Is that a piece of bark in your drink? A bug, maybe? Nope. It's a tiny water-purifying tablet powered by the sun.
The device comes from scientists at the Department of Energy's SLAC National Accelerator Laboratory and Stanford University's Institute for Materials and Energy Science. It measures 1 centimeter by 2 centimeters, about the size of half a postage stamp, and decontaminates water fast using a readily available resource -- visible light from the sun's rays.
The invention could let hikers (and later, people living in developing countries) clean their water quickly without resorting to other power-fueled methods, such as the tried-and-true tactic of boiling water, or an ultraviolet wand, which requires charging.
Other devices harness the sun's rays to decontaminate water, but only use UV light, which typically takes anywhere from several hours to two days to work, according to the Swiss Federal Institute of Aquatic Sciences and Technology's Solar Water Disinfection initiative. The Stanford tablet, on the other hand, takes minutes.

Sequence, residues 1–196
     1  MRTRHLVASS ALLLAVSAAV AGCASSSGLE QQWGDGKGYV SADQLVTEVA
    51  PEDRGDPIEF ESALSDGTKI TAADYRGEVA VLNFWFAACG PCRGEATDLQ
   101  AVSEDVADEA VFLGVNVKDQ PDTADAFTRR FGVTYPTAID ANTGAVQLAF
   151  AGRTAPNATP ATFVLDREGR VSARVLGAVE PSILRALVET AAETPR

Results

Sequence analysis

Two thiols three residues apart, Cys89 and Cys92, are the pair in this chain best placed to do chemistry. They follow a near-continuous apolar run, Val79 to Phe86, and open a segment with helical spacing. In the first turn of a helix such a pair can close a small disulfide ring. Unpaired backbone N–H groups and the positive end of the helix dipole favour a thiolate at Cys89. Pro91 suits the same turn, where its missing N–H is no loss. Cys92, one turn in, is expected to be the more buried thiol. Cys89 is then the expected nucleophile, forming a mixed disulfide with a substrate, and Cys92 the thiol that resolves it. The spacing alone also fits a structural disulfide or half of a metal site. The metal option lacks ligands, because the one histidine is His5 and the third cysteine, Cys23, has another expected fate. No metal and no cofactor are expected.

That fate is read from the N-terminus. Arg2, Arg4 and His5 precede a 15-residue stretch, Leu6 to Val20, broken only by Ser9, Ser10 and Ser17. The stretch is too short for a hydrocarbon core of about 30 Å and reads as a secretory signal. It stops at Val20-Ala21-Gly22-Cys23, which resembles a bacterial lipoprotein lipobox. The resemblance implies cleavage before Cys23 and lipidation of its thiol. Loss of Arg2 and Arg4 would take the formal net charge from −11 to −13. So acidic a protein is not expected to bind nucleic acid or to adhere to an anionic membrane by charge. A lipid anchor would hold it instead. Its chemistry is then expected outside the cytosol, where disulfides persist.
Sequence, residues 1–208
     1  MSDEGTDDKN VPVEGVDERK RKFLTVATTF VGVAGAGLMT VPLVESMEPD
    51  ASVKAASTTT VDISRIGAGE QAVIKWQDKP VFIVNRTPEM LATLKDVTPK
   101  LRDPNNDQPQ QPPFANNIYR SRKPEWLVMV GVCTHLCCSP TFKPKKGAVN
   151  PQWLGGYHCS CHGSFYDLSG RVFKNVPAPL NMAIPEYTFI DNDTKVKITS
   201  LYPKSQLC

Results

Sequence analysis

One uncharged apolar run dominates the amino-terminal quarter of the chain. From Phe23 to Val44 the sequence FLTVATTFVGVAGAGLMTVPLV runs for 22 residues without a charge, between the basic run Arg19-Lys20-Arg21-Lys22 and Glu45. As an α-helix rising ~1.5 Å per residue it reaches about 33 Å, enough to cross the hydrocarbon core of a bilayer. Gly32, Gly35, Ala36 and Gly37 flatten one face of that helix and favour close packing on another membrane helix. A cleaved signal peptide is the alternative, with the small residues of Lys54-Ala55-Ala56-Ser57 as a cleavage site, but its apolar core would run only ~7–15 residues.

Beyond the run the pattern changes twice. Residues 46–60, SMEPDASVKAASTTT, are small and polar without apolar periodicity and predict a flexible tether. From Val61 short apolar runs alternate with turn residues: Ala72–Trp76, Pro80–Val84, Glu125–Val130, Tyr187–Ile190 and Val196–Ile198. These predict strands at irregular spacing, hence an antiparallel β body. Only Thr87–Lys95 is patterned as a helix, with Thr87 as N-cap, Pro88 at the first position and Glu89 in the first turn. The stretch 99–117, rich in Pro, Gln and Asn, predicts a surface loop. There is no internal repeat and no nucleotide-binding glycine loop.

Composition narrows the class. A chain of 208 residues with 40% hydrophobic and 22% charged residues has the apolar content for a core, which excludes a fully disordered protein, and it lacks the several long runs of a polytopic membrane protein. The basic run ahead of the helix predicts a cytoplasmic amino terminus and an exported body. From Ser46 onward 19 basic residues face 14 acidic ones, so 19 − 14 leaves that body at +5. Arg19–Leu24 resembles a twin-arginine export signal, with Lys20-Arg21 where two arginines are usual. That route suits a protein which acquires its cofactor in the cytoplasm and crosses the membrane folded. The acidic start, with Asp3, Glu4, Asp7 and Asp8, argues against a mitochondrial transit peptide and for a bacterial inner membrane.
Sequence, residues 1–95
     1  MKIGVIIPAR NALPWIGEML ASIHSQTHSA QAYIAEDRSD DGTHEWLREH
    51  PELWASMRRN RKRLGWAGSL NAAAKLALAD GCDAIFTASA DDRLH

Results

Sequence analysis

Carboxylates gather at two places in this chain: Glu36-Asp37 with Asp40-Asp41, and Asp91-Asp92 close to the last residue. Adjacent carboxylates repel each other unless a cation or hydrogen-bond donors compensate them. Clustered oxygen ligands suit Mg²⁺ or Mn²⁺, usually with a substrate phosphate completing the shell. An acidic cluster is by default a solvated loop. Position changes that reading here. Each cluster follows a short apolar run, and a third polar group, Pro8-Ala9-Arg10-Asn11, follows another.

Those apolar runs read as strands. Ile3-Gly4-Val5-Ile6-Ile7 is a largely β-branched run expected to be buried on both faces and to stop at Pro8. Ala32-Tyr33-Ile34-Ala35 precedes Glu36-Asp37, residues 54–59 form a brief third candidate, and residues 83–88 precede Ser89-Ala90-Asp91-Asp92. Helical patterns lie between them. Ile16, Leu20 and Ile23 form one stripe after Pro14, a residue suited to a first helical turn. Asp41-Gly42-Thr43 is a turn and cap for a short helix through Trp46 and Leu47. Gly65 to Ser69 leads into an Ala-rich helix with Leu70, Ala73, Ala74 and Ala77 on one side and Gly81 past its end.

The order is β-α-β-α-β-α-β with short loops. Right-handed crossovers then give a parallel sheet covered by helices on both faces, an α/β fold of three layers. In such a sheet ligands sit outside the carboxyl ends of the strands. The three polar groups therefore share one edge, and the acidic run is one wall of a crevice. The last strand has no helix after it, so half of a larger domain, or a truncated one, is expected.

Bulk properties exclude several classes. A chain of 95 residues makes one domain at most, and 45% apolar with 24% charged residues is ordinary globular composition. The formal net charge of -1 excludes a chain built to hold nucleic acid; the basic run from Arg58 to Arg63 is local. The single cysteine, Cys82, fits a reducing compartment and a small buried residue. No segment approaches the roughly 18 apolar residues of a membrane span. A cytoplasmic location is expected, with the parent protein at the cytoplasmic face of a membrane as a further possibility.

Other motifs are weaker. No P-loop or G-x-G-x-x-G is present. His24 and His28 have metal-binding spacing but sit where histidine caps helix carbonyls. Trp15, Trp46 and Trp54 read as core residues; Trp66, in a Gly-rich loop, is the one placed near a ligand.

Some 663 million people lack access to clean drinking water, according to the United Nations, and almost 1,000 children a day die from preventable water- and sanitation-related diseases.
"UV light only counts for 4 percent of the total solar energy," Chong Liu, a Stanford postdoctoral researcher and author of a report on the device, said. "If you can also use visible light, that's 50 percent of solar energy, so you just use it for free, why not just use most of the solar to do water disinfection and to harness more light and to use it more efficiently?"
The report appeared in the journal Nature Nanotechnology on Monday.
The little glass tablet is topped with bits of copper and "nanoflakes" of the industrial lubricant molybdenum disulfide, which under the right conditions, produces a chemical reaction that kills microbes.
The tablet boasted some striking early results. In a controlled experiment, it killed 99.999 percent of bacteria after 20 minutes with 25 milliliters of water. It can be physically scaled to treat the necessary amount of water, and it's supposed to cost just a few dollars, according to Liu. The researchers will now test the device in real-world settings and hope it could be commercialized within the next three to five years.
What's the catch? The tablet only works (so far) against E.coli and a lactic acid bacteria, not viruses or harmful chemicals like lead. But the team plans to combat other pollutants in later tests.
"The easiest water we can treat [right now] is in outside activities, when you scoop water from the river and that water is not really cloudy or heavily polluted, but might contain microorganisms," Liu said. "You can dump in the device and it can kill the bacteria."